Remember THAT day last summer when the hockey world stood simultaneously with mouths agape in shock when Shea Weber and PK Subban were swapped for each other 1 for 1?
For a couple weeks leading up to the GM meetings over the summer we heard rumours of the Oilers and a a few other teams kicking the tires on PK wondering if they might be able to pry him away from an organization that seemingly had issues with him.
Trade rumours weren’t the only rumours around PK. Rumours abounded that he was too flashy in the dressing room. He was a “me first” guy. There were rumours that his 10-million dollar donation to a local hospital wasn’t really 10 million and he did it for PR reasons instead of heartfelt ones.
Through the rumours, Canadiens GM said trading Subban was ridiculous and it would never happen.
Then it happened. Maybe the biggest 1 for 1 trade I’ve ever seen. It was almost as breathtaking as Greztky getting traded because of the magnitude of the players involved. Nashville’s best player and the NHL’s greatest leader since Mark Messier was traded for Montreal’s best player and scapegoat.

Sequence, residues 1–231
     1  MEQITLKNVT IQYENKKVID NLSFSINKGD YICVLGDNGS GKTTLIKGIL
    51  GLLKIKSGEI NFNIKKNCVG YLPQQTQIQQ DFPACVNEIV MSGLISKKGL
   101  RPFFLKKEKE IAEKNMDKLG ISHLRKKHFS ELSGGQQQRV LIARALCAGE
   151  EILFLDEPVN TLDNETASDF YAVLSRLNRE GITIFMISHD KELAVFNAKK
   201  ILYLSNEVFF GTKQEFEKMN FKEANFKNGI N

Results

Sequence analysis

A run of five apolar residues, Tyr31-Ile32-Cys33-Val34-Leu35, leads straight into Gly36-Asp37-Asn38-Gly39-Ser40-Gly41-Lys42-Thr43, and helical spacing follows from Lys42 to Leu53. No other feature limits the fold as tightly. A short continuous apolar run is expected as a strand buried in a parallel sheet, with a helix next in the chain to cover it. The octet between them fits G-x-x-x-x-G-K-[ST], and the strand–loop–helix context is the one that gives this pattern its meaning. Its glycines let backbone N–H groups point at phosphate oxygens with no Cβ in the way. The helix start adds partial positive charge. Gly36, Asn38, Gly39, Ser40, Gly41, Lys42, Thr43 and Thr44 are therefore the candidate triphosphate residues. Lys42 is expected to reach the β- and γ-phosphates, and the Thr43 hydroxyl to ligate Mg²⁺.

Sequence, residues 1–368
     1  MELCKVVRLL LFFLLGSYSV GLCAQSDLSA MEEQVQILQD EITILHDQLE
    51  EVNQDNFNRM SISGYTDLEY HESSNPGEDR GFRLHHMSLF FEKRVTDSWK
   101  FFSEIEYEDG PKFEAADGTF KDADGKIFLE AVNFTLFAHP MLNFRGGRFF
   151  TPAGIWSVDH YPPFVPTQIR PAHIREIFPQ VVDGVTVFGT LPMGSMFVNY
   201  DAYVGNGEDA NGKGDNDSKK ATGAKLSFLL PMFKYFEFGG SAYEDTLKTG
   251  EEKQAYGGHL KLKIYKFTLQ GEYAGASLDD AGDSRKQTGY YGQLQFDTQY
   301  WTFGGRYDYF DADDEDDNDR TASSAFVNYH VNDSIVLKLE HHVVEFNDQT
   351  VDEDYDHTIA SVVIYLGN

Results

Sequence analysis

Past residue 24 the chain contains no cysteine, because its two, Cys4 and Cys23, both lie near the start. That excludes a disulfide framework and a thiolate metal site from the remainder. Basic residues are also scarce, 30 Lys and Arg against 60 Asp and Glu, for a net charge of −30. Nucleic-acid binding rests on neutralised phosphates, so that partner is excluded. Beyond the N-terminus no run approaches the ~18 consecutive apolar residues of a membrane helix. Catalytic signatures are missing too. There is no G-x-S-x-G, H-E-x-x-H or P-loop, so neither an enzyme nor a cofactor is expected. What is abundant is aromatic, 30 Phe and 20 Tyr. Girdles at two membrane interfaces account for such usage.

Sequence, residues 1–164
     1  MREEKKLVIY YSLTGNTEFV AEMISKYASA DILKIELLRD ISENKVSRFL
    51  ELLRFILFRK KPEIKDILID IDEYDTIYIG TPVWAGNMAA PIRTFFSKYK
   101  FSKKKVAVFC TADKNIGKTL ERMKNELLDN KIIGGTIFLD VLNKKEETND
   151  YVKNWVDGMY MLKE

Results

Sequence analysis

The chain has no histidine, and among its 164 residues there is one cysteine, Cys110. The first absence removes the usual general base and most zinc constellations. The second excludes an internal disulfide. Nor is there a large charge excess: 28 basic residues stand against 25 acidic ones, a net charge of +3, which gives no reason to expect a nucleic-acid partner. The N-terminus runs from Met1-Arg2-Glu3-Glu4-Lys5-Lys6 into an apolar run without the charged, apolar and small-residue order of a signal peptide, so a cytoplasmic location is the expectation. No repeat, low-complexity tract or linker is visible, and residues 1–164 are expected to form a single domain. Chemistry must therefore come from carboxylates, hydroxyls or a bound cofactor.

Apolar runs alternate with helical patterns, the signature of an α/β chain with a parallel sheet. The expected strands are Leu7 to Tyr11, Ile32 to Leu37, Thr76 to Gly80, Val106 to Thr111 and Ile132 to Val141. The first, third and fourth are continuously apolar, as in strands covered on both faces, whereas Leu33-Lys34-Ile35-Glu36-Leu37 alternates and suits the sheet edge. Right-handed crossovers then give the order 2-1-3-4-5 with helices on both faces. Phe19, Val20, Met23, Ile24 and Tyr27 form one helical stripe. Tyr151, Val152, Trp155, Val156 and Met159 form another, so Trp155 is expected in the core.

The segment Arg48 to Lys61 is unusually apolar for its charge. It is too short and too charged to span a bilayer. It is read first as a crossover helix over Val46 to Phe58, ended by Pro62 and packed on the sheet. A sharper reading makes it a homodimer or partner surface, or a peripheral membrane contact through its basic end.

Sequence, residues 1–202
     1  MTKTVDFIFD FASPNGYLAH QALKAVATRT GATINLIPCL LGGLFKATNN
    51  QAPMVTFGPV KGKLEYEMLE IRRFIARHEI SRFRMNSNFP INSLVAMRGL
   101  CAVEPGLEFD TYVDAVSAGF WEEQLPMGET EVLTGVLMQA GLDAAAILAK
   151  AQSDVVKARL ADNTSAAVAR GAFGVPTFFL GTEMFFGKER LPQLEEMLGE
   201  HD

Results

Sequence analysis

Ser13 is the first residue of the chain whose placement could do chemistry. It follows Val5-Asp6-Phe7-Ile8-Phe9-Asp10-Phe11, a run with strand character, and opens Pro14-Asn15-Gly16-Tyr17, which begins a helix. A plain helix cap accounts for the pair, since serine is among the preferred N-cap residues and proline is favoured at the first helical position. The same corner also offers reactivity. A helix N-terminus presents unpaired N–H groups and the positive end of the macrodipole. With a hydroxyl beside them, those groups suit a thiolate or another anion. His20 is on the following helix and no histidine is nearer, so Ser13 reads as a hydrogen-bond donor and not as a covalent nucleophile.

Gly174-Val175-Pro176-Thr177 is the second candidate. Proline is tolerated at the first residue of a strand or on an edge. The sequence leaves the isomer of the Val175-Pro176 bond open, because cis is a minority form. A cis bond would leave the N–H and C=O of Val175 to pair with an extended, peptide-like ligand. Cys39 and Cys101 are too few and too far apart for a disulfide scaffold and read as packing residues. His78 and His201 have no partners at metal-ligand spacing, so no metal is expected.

Analytics guys screamed at the Canadiens in vain not to do it, lending credence to the rumours that PK wasn’t a good fit in MTL. Nashville got younger, cheaper, and more offensively dynamic then ever before.
Weber had a great year in MTL. He was arguably their best player and said and did all the things the organization didn’t get from PK.
PK? He was PK. 10 g and 30 a for 40 pts over 66 GP. Was a minus 8 on the season which you could have predicted. However, the playoffs always tell a different story.
PK and the Preds swept the mighty Blackhawks in the first round. No one had that. PK had a couple of points in that series that was dominated by Pekke Rinne in net.
Last night Nashville opened their send round series against the St Louis Blues with a 4-3 win, and, as my friend Darren Millard tweeted: “PK is everywhere.”
His 23 minutes looked more like 35. He made something happen overtime he was on the ice. First passes were impossible to read. He was the best player on the ice every shift. He was generating scoring chances and odd-man rushes at will.
PK finished the game with a goal, a couple of assists, and +1, and imposed his will for 60 minutes. For lack of a better explanation, he showed the world his enormous balls on the biggest stage and no one had any way to stop him.
Impact players in the NHL usually don’t need outside motivation to be impactful. It just always means that much to them and that competitive spirit is woven into their DNA.
The scary part watching PK yesterday is that he’s one of those guys that doesn’t need a springboard to dominance. But if you don’t think THAT day last summer isn’t driving him to perform and drag an already very good Preds team with him, make a point of watching the next Preds/Blues game.
I’m sure his nuts will be on full display yet again.